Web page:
Number of Americans Ignoring Their Finances Doubled in 2010
More anxiety-induced news: The percentage of Americans who say they sometimes log onto their checking account balances with their banks' websites dropped to 46%, down 13 points from 59% a year ago. Even those who track their money by pen and paper dropped, from 50% to 46%.
"It's a natural human reaction to stress: 'Maybe if I don't look at it, it will go away.'" explains the study's co-author, senior analyst Mark Schwanhausser. "I think you have fewer people checking their finances online because they don't like what they're seeing. 'I'm going to be a financial sleepwalker. I'm not going to look.'"
Schwanhausser's prescription for the problem involves convincing America's major financial institutions that they're doing a lousy job helping make it easier and less stressful for their customers to track their money. "It's not enough to tell you how to fix the toilet," he says. "You've got to have the wrench."
Yet despite the fact that most Americans' money resides at a bank, few banks are interested in furnishing financial planning tools. Right now, Schwanhausser argues, most people are required to log into a wide variety of websites to track their money. For example, 75% of Americans who have a credit card get it from somewhere other than their primary bank, meaning their finances are scattered across many websites, unreconciled.
When people do turn to their bank's websites, he argues, the financial planning tools are nearly non-existent despite the fact our society increasingly demands greater personal control through technology. "Today's online banking is like having avocado green appliances from the 1970s. It just doesn't cut it," says Schwanhausser.
Schwanhausser is using the survey to convince banks that it will actually endear customers to them if they put personal finance tools front and center on their sites, helping customers paint a clear picture of their own financial habits. He's pressing them to develop systems, both on the Web and through mobile apps, that can draw in customers' information from other sites, such as credit cards and mortgage lenders, so financial care-taking can be a one-stop process.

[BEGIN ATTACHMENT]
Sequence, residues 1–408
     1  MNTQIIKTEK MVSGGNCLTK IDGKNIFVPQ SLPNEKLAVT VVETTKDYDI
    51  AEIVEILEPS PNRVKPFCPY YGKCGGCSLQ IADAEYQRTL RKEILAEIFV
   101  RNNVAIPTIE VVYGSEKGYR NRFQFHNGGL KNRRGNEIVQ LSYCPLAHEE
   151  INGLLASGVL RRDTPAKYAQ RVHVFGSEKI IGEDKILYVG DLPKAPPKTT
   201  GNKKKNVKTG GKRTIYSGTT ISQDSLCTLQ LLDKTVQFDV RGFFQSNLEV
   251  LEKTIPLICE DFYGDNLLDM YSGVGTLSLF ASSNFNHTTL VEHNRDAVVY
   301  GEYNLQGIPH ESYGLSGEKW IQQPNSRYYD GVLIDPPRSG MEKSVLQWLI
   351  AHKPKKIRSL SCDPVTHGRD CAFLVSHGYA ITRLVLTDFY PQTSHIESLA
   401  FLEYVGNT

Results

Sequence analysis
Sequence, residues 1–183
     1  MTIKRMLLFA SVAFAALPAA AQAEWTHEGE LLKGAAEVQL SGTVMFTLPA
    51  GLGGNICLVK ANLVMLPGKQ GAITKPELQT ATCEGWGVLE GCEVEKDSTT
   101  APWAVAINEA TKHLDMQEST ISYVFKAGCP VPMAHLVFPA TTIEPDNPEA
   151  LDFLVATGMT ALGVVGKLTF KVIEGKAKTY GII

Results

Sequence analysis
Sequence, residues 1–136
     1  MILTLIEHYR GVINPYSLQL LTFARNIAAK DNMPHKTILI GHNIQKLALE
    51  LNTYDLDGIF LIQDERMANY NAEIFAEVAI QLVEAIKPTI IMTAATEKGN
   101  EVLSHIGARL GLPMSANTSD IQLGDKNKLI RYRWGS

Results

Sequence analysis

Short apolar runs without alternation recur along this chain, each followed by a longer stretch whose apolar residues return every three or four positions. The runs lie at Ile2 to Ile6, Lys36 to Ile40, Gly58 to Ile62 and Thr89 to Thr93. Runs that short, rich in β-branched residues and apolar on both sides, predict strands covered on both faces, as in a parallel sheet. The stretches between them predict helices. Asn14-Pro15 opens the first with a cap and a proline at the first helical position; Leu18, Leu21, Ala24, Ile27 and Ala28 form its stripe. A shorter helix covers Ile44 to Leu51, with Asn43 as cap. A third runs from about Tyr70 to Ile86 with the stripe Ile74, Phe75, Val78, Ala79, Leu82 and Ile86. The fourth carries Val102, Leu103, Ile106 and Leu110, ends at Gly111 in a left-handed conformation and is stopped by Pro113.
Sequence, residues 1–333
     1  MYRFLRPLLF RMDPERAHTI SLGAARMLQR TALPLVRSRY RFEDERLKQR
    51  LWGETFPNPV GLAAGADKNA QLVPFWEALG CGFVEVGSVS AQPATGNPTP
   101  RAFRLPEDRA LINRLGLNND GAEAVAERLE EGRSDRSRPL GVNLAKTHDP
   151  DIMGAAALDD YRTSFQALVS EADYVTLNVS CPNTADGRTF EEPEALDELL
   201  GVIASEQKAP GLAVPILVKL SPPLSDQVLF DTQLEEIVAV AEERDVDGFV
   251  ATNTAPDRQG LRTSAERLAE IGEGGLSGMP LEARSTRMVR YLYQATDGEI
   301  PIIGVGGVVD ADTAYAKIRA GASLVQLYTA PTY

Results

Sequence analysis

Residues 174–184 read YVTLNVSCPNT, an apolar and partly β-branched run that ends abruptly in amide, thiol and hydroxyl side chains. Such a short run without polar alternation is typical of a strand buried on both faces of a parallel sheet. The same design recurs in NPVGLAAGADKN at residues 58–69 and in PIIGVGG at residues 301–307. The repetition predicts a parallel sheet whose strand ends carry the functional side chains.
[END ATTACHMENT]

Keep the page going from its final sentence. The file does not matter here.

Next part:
So far, banks and lenders have been slow to use existing technology to make money management a less daunting chore. Part of the issue is that many banks don't want to acknowledge competitors by drawing in account balances from elsewhere. Banks also stand to make money off poor financial planning through penalties and fees. Like a doctor who makes money off treating disease, promoting financial good health does not on the surface appear to be in a bank's best interest.
"You can't manage what you don't measure," says Schwanhausser. "And if the bank's not going to provide it for you, you have to go get it in other places."
He recommends existing aggregators such as Mint.com, which pulls your data from multiple sources and lays it out in spreadsheets and in spending plans, as a model for what all the banks should be doing for their customers.
He also notes that Bank of America's "My Portfolio" and Wells Fargo's "My Savings Plan" are two fledgling, if little-known, bank-created features that are slowly reaching toward the sort of comprehensive personal finance planning features he advocates.
As long as it remains difficult or scary, though, when it comes to their finances, Americans will remain more likely to use the Ostrich Method.